The 100 Ekurhuleni Shining Stars 2018 were recognised on 14 February 2019, at an event sponsored by Vharanani Properties.  The event saw accolades bestowed on the brightest youth under 35 in Ekurhuleni, in the areas of education, justice & law, health, arts, culture, media & entertainment, science and technology, business and entrepreneurship, environment, civil society and youth activism, philanthropy, politics and governance.

“The decision to sponsor this event was simple,” said Vharanani Properties CEO, Mr. David Mabilu. “As a company, we believe in investing in the youth, as they will shape the country’s future, and they therefore require all the support they can get from the corporate sector,” he said.  The annual event creates a platform for those youth to share the motivation behind their activities, and those that excel in contributing to economic growth, community upliftment, youth activism and job creation are prioritised.  Mabilu said that initiatives like this allow the corporate sector to consider the issues facing young people around the country, and actively listen to the solutions they propose to their own challenges.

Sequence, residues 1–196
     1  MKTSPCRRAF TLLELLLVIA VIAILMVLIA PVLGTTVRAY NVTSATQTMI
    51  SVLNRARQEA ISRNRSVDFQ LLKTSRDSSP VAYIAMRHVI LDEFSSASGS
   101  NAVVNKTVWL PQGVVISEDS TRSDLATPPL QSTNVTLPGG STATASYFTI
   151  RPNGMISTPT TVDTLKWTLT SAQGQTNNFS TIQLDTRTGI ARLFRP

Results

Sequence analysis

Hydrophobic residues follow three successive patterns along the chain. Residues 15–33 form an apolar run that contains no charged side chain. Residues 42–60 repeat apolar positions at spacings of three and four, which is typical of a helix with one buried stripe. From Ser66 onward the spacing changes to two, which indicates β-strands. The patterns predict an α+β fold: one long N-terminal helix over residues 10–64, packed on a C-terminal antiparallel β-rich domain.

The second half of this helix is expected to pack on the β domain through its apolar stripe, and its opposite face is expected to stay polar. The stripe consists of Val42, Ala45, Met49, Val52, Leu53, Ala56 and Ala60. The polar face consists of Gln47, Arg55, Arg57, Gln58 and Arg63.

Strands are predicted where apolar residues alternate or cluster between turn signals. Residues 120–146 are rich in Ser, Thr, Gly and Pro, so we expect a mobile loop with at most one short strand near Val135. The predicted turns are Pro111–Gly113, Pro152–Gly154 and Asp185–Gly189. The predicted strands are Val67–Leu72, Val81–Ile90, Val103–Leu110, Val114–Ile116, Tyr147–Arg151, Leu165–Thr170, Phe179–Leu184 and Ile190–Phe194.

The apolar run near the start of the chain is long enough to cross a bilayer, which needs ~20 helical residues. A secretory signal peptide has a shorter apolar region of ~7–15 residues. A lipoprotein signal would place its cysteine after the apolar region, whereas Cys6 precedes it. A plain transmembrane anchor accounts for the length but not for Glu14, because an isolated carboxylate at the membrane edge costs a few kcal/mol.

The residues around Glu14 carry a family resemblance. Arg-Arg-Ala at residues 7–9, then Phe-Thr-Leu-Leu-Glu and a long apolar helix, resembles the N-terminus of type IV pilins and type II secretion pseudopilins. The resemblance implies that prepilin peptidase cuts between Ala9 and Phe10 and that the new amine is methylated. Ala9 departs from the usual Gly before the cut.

“We commend the Ekurhuleni Municipality for supporting the commendable activities of these youth. Their ability to use their initiative, talents, and resources towards uplifting their community positions them as leaders, with strategic vision, and wisdom beyond their years,” Mabilu added.  He said that the youth who were acknowledged embody the same principles that guided the selfless actions of Tata Madiba and MmaSisulu, whose impact is still felt and celebrated to this day.